The Financial Times wonders if Austria’s Sebastian Kurz is the savior of Europe’s center-right or an enabler of the far right.
His supporters, including the liberal-minded former prime minister of Finland, Alexander Stubb, see the Austrian as the antidote to Orbanism:
He talks about an open world, internationalism and is pro-European. But he is pragmatic about solving issues. And one of the big issues is immigration.
Critics argue that by taking a hard line on immigration, Kurz is legitimizing the far right. “You don’t fight fire with kerosene,” according to former chancellor and former Social Democratic Party leader Christian Kern. Read more “Kurzism Doesn’t Travel Well”
For the first time in sixteen years, Republican congressman Steve King of Iowa seems vulnerable. The polling gurus at FiveThirtyEight still give him a five-in-six chance of winning reelection, but one recent survey had King tied with his Democratic challenger.
I don’t think it’s unfair to call King a white supremacist. He speaks about the superiority of Western civilization, argues that certain races work harder than others and worries that white women are not having enough babies to preserve the dominant culture of the United States.
An Americans sanctions bill that explicitly mentions the Nord Stream 2 pipeline has set off alarm bells in Berlin and Vienna.
In a panicky joint statement, the foreign ministers of Germany and Austria urge the United States not to impose “illegal extraterritorial sanctions” on the European companies that are building a pipeline under the Baltic Sea.
Sigmar Gabriel, a social democrat, and Sebastian Kurz, a conservative, warn that such penalties could affect transatlantic relations in a “new and very negative way” and “diminish the effectiveness of our stance on the conflict in Ukraine.”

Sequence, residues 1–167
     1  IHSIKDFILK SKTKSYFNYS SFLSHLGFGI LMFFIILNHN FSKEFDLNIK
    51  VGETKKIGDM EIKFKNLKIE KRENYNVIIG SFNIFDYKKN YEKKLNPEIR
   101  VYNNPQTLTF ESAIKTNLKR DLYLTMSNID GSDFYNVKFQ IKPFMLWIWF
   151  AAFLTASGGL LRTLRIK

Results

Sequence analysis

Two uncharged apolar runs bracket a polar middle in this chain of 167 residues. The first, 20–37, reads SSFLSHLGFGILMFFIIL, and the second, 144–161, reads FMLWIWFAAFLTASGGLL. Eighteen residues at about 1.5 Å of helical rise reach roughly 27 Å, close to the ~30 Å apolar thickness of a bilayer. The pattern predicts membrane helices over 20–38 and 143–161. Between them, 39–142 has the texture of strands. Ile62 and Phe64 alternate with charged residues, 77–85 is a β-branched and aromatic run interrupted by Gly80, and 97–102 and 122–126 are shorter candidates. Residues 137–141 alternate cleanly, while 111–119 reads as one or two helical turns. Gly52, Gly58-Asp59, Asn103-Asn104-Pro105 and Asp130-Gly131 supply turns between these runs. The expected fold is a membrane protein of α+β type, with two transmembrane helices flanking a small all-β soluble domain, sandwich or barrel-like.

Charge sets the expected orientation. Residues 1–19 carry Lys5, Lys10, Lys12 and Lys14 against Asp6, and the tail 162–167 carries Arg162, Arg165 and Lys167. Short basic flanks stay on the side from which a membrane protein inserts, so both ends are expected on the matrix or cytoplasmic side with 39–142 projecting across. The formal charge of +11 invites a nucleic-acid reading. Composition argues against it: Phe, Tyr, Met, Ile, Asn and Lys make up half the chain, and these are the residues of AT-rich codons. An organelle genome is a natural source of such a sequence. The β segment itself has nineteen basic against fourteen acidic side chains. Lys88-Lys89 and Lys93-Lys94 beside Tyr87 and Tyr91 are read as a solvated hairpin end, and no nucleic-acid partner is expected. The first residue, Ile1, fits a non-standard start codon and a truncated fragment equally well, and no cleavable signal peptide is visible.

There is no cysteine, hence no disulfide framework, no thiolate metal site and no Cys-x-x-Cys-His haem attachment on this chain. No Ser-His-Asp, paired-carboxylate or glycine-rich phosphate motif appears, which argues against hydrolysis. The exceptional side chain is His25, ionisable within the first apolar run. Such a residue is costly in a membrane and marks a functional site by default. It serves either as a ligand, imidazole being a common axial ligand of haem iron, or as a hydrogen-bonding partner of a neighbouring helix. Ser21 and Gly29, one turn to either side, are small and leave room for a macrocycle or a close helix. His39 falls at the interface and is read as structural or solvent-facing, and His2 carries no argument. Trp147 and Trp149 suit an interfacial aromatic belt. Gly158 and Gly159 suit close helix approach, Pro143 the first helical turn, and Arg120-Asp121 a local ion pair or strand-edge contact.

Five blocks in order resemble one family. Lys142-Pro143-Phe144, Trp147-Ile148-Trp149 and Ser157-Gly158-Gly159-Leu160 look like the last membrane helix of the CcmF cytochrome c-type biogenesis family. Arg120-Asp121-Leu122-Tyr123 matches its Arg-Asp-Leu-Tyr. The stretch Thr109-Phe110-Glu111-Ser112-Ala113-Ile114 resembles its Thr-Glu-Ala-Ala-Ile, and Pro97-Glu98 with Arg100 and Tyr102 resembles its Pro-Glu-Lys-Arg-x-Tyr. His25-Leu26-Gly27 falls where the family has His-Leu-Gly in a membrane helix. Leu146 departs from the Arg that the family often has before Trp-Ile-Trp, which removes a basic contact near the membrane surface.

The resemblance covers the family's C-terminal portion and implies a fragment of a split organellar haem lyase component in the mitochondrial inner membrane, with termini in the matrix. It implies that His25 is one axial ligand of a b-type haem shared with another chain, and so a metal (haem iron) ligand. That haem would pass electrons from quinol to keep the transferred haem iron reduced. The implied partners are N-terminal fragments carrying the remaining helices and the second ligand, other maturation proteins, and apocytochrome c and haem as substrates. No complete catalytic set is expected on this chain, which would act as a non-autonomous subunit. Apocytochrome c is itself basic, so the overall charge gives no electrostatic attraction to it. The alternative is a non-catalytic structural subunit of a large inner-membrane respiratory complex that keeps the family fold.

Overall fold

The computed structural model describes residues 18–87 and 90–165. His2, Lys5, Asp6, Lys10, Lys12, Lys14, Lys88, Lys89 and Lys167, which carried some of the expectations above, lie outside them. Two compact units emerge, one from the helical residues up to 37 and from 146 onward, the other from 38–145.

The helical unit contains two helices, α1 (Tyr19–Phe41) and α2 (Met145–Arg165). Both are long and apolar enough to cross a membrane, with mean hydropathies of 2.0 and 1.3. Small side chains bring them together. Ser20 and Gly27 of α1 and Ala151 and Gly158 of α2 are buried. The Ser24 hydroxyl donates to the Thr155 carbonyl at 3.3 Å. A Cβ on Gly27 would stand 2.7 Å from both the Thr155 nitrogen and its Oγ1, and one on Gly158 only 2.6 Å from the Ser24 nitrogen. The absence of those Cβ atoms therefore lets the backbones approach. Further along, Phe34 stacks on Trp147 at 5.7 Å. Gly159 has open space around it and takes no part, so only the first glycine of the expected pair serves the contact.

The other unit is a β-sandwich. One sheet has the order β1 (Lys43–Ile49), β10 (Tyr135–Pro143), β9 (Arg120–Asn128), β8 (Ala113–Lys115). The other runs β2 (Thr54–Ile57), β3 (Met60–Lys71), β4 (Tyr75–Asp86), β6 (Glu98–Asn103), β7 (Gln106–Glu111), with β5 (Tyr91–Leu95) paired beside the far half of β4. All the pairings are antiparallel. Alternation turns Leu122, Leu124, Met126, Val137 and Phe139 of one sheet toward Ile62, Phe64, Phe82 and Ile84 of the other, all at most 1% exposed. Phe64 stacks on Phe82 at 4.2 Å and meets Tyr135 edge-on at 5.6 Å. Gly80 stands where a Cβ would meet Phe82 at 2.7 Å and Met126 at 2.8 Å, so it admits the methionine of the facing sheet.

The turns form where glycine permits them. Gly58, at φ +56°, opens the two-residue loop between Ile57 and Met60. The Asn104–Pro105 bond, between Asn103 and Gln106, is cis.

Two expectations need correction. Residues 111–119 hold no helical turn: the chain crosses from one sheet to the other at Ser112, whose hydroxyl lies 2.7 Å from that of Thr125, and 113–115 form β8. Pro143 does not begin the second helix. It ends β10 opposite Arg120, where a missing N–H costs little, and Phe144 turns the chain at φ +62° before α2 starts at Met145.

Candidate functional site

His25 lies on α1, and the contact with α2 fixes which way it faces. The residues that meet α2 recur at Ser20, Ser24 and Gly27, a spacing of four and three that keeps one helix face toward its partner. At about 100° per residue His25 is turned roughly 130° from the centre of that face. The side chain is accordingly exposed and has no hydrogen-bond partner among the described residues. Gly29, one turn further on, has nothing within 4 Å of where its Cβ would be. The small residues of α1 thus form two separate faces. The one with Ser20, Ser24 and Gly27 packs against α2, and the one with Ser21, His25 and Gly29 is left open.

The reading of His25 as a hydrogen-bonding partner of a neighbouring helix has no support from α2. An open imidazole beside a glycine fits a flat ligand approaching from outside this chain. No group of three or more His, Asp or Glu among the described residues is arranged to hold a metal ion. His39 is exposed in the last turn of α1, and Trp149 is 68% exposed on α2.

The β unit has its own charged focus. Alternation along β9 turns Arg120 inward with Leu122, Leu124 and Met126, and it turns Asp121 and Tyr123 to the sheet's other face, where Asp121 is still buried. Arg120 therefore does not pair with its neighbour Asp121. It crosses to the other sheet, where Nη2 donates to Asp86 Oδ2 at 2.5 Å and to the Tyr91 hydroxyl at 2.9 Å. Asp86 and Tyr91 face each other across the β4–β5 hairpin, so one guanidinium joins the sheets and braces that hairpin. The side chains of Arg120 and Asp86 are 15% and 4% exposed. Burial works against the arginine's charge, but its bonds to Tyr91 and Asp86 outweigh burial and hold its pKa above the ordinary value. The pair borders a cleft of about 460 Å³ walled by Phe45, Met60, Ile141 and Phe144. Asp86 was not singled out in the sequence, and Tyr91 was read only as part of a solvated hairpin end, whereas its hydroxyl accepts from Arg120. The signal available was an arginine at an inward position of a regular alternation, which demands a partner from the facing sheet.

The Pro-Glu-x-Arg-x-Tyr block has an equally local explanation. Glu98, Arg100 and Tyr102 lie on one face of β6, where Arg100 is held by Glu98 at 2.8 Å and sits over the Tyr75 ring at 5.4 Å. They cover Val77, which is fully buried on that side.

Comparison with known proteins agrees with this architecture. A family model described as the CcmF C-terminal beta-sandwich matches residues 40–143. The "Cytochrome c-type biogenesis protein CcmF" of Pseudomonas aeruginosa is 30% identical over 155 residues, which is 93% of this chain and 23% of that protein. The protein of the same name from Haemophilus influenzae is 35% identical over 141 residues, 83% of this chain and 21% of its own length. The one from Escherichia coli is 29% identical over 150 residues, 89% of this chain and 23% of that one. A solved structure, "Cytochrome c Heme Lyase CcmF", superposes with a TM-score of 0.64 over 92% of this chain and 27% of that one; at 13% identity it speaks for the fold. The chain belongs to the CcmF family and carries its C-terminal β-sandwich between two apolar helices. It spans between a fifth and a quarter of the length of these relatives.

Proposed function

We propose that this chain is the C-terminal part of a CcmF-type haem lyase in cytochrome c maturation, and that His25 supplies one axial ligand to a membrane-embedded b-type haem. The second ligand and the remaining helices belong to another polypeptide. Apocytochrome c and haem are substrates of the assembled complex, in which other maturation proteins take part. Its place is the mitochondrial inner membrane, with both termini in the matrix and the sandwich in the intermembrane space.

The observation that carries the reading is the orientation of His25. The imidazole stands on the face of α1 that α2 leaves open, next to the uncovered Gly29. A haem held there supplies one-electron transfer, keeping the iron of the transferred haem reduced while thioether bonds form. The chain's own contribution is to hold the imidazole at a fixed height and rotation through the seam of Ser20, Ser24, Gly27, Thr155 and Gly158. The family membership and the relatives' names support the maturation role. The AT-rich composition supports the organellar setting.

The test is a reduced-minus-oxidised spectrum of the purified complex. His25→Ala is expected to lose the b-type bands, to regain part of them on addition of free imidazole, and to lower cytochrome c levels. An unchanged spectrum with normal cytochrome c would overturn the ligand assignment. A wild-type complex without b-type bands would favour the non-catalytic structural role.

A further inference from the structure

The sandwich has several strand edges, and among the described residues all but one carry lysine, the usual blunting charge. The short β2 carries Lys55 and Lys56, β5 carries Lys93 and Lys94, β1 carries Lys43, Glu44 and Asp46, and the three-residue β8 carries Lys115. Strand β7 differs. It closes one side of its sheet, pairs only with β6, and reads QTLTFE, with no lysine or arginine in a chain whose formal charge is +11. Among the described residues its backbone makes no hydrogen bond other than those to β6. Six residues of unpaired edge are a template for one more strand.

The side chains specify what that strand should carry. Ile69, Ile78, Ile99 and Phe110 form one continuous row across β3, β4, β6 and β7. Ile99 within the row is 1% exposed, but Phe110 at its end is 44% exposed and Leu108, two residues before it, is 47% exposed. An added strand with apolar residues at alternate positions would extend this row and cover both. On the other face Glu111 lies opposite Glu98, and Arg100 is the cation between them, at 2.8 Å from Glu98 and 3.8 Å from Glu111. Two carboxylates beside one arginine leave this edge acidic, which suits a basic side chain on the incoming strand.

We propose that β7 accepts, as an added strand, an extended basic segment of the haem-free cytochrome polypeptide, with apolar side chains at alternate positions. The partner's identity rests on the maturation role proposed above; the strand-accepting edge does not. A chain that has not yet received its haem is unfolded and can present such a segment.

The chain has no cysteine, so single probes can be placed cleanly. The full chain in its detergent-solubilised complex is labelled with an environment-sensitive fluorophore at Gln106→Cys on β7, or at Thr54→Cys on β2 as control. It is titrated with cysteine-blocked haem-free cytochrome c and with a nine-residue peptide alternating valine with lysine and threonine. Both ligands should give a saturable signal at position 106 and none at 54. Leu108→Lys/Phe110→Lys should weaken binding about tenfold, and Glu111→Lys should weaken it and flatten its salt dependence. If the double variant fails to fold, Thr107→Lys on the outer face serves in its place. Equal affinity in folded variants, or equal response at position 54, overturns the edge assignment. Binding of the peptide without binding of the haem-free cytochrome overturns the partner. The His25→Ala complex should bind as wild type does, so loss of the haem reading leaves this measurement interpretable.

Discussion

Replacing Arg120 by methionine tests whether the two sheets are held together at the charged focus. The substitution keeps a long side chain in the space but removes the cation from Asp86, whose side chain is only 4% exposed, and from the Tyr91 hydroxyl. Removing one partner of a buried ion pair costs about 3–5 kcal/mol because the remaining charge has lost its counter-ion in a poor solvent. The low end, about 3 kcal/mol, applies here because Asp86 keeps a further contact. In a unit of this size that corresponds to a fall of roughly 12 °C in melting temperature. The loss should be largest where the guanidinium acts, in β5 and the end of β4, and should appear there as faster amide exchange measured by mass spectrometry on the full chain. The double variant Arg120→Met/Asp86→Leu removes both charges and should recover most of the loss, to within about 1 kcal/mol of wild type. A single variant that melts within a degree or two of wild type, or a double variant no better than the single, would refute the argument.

On the eve of a leaders summit in Brussels, NATO has found a way to salvage its partnership program with 41 nations in Europe and the Middle East which Turkey had threatened to suspend.
A last-minute compromise sees Austria withdrawing from NATO peacekeeping operations in the Balkans and Turkey holding back from severing ties with other non-allied partner states.
The Turks were outraged when Austria called on the EU to end accession talks in the wake of last year’s failed military coup against Recep Tayyip Erdoğan. His government has since purged tens of thousands of soldiers and civil servants on the pretext of disloyalty. Erdoğan has given himself broad powers and imprisoned opposition leaders. Read more “NATO Throws Austria Under the Bus to Appease Turks”
Die Presse, Austria’s center-right newspaper, reports that many of the cleavages of what the Atlantic Sentinel calls Europe’s blue-red culture war appeared in the Alpine nation’s presidential election on Sunday.
Norbert Hofer, the nationalist Freedom Party candidate, was more popular with men and workers without a college education. Alexander Van der Bellen, a former Green party leader who rallied the Austrian mainstream behind his candidacy, received more votes from women and college graduates.
Similar divides came to light in the American presidential election last month, although there the outcome was reversed: Donald Trump, Norbert’s Republican counterpart, defeated Hillary Clinton, a center-left pragmatists not unlike Van der Bellen.
Alexander Van der Bellen told a news conference on Sunday night he will be an “openminded, liberal-minded and above all a pro-European president” of Austria, adding that his triumph over the Freedom Party’s Norbert Hofer sent a “message to the capitals of the EU that one can win elections with high European positions.”
Clearly — but this is no time for those of us who are openminded, liberal-minded and pro-European to get complacent.
Van der Bellen nearly lost the first time around, in May, when the result of the election was invalidated because absentee votes had been counted too early.